A guy at a party once explained to me a lot about ideas of humanity sharing one mind, like a mushroom or something, a topic that Leon Must Die sort of dips into with its whole “uploading minds into computers” thing. I hadn’t really thought about that until that guy told me I had made a movie about it, and coming from him, everything about that concept sounded nightmarish (even though I think he was a fan of it). So, maybe that’s a concern. But not really. I love new technology. If anything wipes us out, I think it will probably be people who have a problem with progress, not progress itself.

Why make personal stories as much the focus as the sci-fi elements – the illness, the love story – what do you think this adds?

It adds almost everything I care for. That’s my main problem with most genre movies, but sci-fi in particular: The lack of personal stories. I very rarely care for the characters in action films, but I often do wish the characters in quirky rom coms would have more to worry about.

What are your hopes for the reception of the film?

I hope for people to find it funny, maybe charming, and maybe something to think about for a bit and not forget immediately. So far, the reception has been really good.

In the US, Vietnam, Iceland and many more countries. In Germany, though, people have a tough time grasping the irony. I’ve heard complaints about “the Terminator” of this movie looking like “he’s coming straight from Christopher Street Day“ (as if that was a bad thing!). I do hope that people outside Germany will continue to understand that the cheesy sci-fi parody stuff is a joke.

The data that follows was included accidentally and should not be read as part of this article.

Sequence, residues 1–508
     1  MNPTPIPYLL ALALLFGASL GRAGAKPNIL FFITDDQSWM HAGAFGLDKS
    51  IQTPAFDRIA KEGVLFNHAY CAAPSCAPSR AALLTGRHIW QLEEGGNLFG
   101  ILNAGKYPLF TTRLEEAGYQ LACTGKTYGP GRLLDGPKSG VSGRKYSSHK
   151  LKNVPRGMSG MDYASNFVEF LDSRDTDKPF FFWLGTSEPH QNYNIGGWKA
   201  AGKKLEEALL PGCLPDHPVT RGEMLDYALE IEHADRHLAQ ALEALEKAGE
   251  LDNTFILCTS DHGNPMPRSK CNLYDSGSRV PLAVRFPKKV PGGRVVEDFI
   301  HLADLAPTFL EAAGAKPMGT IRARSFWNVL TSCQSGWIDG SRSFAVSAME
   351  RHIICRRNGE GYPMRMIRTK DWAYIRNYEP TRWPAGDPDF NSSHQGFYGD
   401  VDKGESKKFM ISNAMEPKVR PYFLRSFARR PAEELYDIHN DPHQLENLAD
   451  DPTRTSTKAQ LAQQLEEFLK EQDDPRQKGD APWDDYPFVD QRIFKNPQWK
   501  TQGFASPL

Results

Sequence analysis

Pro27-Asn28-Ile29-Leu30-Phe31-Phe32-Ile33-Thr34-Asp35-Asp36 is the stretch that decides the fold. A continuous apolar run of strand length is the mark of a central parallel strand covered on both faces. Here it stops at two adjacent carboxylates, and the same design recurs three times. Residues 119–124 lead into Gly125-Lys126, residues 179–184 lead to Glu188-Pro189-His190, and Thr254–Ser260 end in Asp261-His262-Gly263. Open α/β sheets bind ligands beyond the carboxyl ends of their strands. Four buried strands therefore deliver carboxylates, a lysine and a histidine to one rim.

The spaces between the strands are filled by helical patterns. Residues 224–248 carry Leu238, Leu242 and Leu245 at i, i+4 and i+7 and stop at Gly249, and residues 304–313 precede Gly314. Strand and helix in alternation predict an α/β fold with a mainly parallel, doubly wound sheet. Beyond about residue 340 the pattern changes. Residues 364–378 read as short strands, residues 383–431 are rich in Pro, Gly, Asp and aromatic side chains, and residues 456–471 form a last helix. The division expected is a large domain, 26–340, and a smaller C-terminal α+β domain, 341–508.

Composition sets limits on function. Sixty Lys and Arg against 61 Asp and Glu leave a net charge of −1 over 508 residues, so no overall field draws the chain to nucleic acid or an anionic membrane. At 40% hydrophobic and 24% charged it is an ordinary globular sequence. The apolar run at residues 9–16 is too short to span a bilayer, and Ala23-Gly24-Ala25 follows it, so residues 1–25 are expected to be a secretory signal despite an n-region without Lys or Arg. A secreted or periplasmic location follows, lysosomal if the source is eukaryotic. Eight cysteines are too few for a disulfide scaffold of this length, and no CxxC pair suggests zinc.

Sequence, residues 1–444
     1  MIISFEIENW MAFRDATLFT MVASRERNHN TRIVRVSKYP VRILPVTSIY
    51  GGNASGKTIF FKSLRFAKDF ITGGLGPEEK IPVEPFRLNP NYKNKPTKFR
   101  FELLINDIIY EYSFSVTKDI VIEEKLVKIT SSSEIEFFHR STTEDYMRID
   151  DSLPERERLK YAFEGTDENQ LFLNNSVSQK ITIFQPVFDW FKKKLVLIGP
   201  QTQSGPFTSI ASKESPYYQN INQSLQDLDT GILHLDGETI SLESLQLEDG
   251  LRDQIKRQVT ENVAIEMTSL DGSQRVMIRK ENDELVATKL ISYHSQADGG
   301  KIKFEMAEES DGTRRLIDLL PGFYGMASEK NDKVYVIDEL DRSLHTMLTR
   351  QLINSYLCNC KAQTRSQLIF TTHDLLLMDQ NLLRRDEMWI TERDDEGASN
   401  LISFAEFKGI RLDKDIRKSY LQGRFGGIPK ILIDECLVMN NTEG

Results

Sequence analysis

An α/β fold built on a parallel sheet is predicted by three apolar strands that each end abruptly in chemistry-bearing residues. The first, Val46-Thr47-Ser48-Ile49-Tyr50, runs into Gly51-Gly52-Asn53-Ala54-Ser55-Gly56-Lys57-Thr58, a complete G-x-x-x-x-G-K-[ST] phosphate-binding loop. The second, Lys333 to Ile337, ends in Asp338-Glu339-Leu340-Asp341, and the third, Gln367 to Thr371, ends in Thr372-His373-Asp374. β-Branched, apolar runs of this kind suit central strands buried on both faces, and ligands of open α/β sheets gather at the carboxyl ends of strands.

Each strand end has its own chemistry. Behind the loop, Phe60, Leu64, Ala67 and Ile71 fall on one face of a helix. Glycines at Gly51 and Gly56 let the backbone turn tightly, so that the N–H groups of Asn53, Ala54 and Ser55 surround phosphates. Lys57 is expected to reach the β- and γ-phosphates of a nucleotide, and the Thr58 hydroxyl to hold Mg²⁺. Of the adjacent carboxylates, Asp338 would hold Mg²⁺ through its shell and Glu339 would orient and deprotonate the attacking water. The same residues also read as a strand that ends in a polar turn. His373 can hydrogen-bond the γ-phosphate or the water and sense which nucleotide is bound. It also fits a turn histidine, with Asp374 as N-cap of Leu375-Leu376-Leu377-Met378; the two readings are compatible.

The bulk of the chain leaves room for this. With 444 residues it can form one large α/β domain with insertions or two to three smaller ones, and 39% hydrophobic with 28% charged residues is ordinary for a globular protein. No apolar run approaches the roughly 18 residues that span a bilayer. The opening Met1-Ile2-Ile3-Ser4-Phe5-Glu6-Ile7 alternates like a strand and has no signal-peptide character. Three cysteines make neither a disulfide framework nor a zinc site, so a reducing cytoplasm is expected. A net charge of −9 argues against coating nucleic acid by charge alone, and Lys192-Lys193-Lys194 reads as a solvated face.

Do you think it has the potential to become a cult classic?

Being a narcissist: Yes, of course!

What do you enjoy more acting or directing? Do you think working in both gives you a good understanding of creating quality work?

I enjoy both, but I’m more happy when I’m directing. I’m a type-1-diabetic and you can actually see in blood sugar, how it’s staying perfectly low and steady when I’m on set, directing. But never when I’m not.

I’ve played a leading role in an Australian multi-million-dollar TV-series, where I’ve learnt a lot about making movies that I wouldn’t have learned otherwise, so yes, me working as an actor has influenced my other work in a positive way.

Did you soundtrack Leon Must Die? Do you think soundtracking your own work means you can get the score you really need?

Yes, I did. That was a money saving thing, actually.

I’d much rather rely on other people to do all kinds of things on my movies (color grading, soundtrack, sound design, sound mixing, and so on), but Leon Must Die had a budget of 100€ (one hundred Euros – that’s not a typo), so me and Nisan had to do everything ourselves.

I’ve been making music since I was a kid and I’ve played in a band and toured the country for seven years, so I’m confident in my abilities and I’ve soundtracked all my movies so far but one, but I’d rather leave it to people like Edinburgh composer Ioannis Moutzouris, who did the soundtrack to our film Naomi and the Pirate and who I’m going to work with again and again, whenever I have the budget.


Leon Must Die receives its UK premiere at Derby Film Festival on Friday 4th May at 12.00pm and is screened again on Monday 7th May at 5.30pm.